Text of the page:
FlightAware Discussions

Does anyone recognise this aviation patch ?

I have had a patch in my collection for around 35 years and I have no idea what it represents. I know it is a US one but that is it !

It has on it a fairly beaten-up old pelican flying right to left. He is smoking a cigar. He has sticky plaster crosses on his beak and his body. He has a bandage on his head and left foot. He is towing a white wind-sock held by his right foot. The wind-sock has a red sewn patch on it and the pelican has a brown one sewn to his chest. There is also what looks like a red light on his chest and one on top of the bandage on his head. There is a shell coming upwards just in front of him and four round projectiles just above him Roughly between 1 and 2 o’clock at the edge of this basically round patch there is a small bit of shaft and the flights of an arrow.

Looks like this old boy has been through the wars !! Any ideas ?

Look here to see if one of these patches is the one you have.

In order to get a bigger picture of the patch you need to be registered. The free registration can take up to a week. My registration hasn’t been approved yet so I can’t get a bigger picture.

Also try this site in case it is the 14th Airlift Squadron: c141flyingsquadrons.com/14th

Thanks fpr that rw812 but no, it’s not any of these

Did you look at any of the other patches on the site? There 1,000’s of them.

Can you take a pic of it and post.
I work next to a Military Museum and may spot something.

Thanks to both of you for your suggestions. I am partially sighted and so have some problems navigating around some of these sites. I have taken a pic of the patch but cannot see how to post on this site. Is it possible? Cheers Peter

What you need to do is upload it to the web (Flickr, a personal account, etc). Make sure the file name ends in jpg or another graphic extension. Then you link it to the posting by using the tag.

I’m sending you a private message with my email address in case you would like to send the picture to me for uploading to the Internet.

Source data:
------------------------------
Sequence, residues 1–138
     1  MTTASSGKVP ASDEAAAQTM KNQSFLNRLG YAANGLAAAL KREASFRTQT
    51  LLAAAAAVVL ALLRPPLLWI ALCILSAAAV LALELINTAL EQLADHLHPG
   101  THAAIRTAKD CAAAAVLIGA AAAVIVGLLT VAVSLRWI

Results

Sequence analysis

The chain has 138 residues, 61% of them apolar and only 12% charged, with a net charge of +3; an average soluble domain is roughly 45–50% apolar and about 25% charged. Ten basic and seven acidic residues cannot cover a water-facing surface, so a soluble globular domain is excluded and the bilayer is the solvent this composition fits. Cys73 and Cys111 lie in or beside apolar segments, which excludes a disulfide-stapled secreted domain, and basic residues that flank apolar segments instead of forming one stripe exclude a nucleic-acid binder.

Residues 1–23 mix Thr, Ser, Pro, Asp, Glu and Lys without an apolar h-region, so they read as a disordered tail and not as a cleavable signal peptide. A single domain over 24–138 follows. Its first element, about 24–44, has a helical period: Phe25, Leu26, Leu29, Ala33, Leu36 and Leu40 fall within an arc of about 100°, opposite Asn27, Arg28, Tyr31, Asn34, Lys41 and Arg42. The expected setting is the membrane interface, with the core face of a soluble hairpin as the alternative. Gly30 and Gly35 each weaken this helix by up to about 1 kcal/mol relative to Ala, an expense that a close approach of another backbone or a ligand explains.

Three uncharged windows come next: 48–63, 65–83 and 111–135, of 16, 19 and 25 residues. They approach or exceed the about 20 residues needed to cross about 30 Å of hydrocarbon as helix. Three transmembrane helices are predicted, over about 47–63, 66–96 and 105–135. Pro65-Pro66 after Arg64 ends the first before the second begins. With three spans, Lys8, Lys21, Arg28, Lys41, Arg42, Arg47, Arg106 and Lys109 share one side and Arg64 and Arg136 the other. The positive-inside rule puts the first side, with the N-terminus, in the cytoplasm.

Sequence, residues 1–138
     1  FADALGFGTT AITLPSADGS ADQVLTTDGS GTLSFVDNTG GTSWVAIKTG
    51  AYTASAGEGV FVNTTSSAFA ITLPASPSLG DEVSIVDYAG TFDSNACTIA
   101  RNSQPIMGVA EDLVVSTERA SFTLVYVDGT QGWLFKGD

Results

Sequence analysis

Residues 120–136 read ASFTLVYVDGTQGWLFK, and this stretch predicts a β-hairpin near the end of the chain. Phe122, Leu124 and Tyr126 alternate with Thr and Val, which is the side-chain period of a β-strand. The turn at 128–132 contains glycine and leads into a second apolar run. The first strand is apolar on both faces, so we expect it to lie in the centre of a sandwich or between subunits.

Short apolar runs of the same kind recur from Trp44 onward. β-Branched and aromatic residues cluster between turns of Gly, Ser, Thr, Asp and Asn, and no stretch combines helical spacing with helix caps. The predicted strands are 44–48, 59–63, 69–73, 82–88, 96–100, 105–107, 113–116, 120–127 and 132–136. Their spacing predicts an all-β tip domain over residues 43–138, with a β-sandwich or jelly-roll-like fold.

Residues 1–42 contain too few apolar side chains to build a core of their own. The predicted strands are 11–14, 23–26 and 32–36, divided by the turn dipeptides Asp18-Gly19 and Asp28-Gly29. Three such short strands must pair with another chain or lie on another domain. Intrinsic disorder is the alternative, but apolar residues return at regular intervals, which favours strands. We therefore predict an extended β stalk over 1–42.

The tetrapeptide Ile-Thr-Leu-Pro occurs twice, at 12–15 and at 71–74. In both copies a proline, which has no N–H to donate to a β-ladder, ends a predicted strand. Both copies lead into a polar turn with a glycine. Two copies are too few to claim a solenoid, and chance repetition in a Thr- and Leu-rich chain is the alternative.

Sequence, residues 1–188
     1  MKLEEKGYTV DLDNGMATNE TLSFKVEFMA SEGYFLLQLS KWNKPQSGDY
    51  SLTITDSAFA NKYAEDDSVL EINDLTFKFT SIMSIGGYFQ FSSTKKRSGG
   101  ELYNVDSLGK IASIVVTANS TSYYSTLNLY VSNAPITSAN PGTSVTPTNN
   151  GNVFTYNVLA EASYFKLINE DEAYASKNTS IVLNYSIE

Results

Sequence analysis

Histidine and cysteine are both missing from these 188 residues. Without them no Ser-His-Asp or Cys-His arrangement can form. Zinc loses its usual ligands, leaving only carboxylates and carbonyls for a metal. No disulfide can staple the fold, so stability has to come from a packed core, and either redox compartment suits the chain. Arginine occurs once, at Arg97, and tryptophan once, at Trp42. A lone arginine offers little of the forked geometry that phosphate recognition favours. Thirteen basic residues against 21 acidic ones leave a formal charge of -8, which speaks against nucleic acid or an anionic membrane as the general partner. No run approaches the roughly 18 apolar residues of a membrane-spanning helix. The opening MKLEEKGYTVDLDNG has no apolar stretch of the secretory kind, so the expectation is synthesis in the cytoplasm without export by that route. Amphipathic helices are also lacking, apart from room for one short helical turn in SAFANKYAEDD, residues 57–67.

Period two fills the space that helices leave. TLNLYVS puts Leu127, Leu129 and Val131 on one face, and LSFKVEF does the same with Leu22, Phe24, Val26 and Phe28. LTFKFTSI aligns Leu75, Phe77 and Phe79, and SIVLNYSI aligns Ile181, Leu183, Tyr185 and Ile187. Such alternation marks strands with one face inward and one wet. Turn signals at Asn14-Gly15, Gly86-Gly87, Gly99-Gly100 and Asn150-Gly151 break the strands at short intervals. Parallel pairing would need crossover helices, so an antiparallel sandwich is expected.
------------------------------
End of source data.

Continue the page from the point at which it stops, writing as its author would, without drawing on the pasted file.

That’s one messed-up pelican!

post deleted - see below

After seeing the photo it only reinforces my initial thought based on the description that it represents a target towing unit.

Whose target towing unit is going to be difficult to answer unless someone recognizes the patch.

We have a winner, thanks to JHEM.

The patch is from the 23rd Tow Target Squadron.
Another version of this patch and patches of other tow target squadrons available here

During WWII the tow squadrons were formed from every possible pilot source to prevent draining combat ready pilots from their duties. Some squadrons were made up of active duty USAAF personnel and others were composed entirely of WASP pilots or CAP pilots.

Being a tow squadron pilot in the US during WWII was an infamously renowned job for the risk of being shot down by friendly fire, often ground based anti-aircraft (AA) fire from training batteries manned by civilians.

In 1994 A Lear 35A tug was accidentally shot down by a Tawainese ship during a live-fire training exercise. Anyway this topic raised a question that maybe some of you current guys could answer. When I flew corporate, it seems like there was a company in north Georgia that flew Lear tugs over the gulf for Eglin AFB. Is that right?

Phoenix Air. They do just about anything and everything in terms of military services. Aggressor aircraft, target towing, E&E, etc…


Yep, thats them. Thanks

Many thanks to everyone who has responded to this topic and identified the poor old pelican. Especially rw812 who uploaded the pic onto the website for me. Next time I come to the US the drinks are on me !!
Cheers Peter

It was my pleasure to be able to help.

Additional information: The patch is somewhat rare, according a listing on eBay.
militariawwii.com/army-air-force … -from-wwii (the auction for this has ended)

Yes, I recognize the patch. It is the 23rd Tow Target Squadron. My dad was crew chief during WWII. They were based at Howard Field in Panama. They towed targets for gunnery practice.